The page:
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Doctor At Last II: the Thesis and the Hat
The Thesis
In the previous post, we covered all the vain things surrounding the thesis . Let’s talk about the thesis itself, in my case it is entitled Algorithmic Advancements and Massive Parallelism for LargeScale Datasets in Phylogenetic Bayesian Markov Chain Monte Carlo. Well, that essentially says it all, doesn’t it?
Essentially, it deals with the challenge of inferring evolutionary trees (as in tree of life) on supercomputers. The underlying genetic input datasets have gotten bigger and bigger over the years. While the Exelixis Lab already had highly efficient and scalable software for inferring evolutionary trees using the maximum likelihood criterion (based on a framework that models evolution as a continuous Markov chain), no comparable tool was available that does the same thing in a Bayesian framework. This was the motivation to develop ExaBayes. In the Bayesian framework, we are attempting to sample the parameter space of trees (and other model parameters such as mutation rates) proportionally to the probability of the parameter combination. To that end, we use discretetime Markov chains. We simulate Markov chains moving in the parameter space and have them accept or reject parameter states proportionally to the probability of the respective states, thus the procedure is called Markov chain Monte Carlo (MCMC).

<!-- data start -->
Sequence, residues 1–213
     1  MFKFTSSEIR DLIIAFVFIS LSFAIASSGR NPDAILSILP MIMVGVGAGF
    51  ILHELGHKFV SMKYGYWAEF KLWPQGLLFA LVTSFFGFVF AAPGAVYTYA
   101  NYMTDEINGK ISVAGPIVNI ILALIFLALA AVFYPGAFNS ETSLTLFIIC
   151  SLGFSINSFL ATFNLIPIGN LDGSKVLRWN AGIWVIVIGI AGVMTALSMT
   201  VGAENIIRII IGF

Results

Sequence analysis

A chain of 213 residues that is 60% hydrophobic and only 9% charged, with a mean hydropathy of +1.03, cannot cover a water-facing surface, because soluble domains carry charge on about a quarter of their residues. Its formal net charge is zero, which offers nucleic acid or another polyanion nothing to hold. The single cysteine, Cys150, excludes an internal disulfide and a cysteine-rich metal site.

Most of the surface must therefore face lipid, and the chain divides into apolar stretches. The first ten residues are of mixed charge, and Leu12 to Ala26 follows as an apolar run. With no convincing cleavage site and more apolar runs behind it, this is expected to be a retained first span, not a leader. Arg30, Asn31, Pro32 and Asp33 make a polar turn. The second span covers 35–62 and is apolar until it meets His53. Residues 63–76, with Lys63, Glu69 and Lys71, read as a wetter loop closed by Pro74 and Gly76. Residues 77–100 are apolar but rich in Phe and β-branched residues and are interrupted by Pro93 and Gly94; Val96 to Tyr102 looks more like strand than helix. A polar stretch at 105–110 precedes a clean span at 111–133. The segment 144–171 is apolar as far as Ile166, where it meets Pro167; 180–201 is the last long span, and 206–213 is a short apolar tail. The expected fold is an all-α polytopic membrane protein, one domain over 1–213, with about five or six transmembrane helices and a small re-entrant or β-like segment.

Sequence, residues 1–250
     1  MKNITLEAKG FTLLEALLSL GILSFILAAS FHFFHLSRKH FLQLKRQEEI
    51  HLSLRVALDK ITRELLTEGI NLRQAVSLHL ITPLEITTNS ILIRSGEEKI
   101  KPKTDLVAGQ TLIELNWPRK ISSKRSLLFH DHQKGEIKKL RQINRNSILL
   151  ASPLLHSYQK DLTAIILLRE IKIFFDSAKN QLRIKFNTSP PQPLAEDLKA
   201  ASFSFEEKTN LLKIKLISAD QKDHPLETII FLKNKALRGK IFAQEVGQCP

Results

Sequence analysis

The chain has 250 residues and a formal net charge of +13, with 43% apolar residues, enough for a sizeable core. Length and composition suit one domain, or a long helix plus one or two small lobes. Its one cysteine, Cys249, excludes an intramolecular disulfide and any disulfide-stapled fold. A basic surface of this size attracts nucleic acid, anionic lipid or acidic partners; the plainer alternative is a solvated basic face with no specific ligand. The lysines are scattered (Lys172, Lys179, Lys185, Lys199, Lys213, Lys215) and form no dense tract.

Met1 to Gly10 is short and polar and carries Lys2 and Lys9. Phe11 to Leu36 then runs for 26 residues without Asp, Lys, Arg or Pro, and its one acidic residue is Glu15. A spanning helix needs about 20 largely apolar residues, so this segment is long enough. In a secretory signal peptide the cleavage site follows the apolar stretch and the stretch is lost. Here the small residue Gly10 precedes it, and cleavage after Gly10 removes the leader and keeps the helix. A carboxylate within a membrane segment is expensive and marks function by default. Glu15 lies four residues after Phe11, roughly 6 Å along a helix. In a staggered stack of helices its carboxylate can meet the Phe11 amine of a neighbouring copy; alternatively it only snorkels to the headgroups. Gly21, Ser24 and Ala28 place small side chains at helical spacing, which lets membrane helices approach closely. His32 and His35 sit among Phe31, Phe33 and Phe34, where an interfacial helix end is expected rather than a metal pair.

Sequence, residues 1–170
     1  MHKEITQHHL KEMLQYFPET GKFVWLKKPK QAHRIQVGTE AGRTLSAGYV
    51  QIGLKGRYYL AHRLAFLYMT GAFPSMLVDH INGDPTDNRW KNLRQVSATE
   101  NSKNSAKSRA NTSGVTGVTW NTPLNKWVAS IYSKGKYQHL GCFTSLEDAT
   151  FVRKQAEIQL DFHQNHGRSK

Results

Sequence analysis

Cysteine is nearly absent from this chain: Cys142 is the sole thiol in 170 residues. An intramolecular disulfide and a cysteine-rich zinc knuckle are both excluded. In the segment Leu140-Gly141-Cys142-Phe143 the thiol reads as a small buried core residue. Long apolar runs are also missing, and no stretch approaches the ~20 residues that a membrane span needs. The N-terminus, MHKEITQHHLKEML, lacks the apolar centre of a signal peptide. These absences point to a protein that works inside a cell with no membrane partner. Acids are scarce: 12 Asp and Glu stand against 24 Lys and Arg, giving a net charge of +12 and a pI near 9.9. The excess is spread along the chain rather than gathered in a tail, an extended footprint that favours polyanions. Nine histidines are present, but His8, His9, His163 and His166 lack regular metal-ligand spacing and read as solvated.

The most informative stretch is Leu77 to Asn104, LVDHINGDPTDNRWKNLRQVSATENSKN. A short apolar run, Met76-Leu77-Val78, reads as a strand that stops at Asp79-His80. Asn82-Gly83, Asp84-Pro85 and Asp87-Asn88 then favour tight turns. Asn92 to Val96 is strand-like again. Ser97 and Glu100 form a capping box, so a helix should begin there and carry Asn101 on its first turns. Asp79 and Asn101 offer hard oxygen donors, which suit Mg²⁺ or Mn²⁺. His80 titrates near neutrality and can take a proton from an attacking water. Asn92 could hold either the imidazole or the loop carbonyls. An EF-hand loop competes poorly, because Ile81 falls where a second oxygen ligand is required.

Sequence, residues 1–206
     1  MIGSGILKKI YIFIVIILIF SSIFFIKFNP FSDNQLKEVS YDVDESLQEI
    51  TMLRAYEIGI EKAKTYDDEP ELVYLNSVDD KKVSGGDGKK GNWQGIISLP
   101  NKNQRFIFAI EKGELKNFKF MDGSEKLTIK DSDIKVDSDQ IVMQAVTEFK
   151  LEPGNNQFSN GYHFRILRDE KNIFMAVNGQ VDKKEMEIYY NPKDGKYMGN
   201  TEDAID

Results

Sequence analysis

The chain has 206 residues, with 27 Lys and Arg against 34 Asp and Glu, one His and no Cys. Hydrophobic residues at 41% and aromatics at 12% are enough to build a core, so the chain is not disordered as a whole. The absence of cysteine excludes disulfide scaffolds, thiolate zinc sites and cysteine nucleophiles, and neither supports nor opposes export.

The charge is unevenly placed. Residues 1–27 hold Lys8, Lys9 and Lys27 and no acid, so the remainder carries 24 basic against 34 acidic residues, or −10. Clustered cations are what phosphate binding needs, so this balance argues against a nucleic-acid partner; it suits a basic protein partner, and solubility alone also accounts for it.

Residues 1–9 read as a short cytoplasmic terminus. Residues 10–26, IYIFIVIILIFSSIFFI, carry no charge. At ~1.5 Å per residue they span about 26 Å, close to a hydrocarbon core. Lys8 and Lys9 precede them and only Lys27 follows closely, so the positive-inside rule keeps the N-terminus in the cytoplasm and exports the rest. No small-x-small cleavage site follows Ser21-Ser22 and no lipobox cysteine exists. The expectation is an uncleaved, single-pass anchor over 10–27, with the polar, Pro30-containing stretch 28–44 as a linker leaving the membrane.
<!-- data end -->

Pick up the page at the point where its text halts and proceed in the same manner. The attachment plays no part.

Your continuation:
Sometimes it helps to couple several heated chains to the (cold) chain
of interest and have them attempt to swap their location in the
parameter space (whether this succeeds depends on the probabilities of
the states of either chain). This variation of the method is called
Metropoliscoupled Markov chain Monte Carlo (which leads to the
beautiful acronyms MCMCMC or MC). Luckily, the
phylogenetic likelihood library was developed in parallel to
ExaBayes
and takes care of all the numerical challenges of computing
the phylogenetic likelihood function in a highly efficient
manner. Thus, I could focus on developing a threetier parallelization
using MPI and/or threads. One novelty, I am proud of is an
asynchronous implementation of the chain swapping algorithm. This is
actually the first time, I came into contact with asynchronous
programming (well, it is polling there), I would not have expected
that it becomes so frequent in my next occupation . Sometimes I wonder
whether something more involved using remote procedure calls
could outperform the current approach. The threaded version uses
messages queues.
At the end of my PhD, I was attracted by the statistical aspects of phylogenetic Bayesian MCMC. Some consider it more of an art rather than a science to design proposal functions that allow your chain to move through the parameter space without getting stuck. I designed an independence sampler that uses NewtonRaphson optimization for fitting a distribution that is very similar to the target branch length distributions (I forgot to mention, the number of expected substitutions on a branch is also a model parameter). The proposal itself worked out spectacularly well (uncorrelated proposals with an acceptance rate of up to 90%), so we tried to combine it with tree topology proposals which pose the major challenge in phylogenetic Bayesian MCMC. And, alas, these hybrid proposals did not consistently outperform plain topology proposals.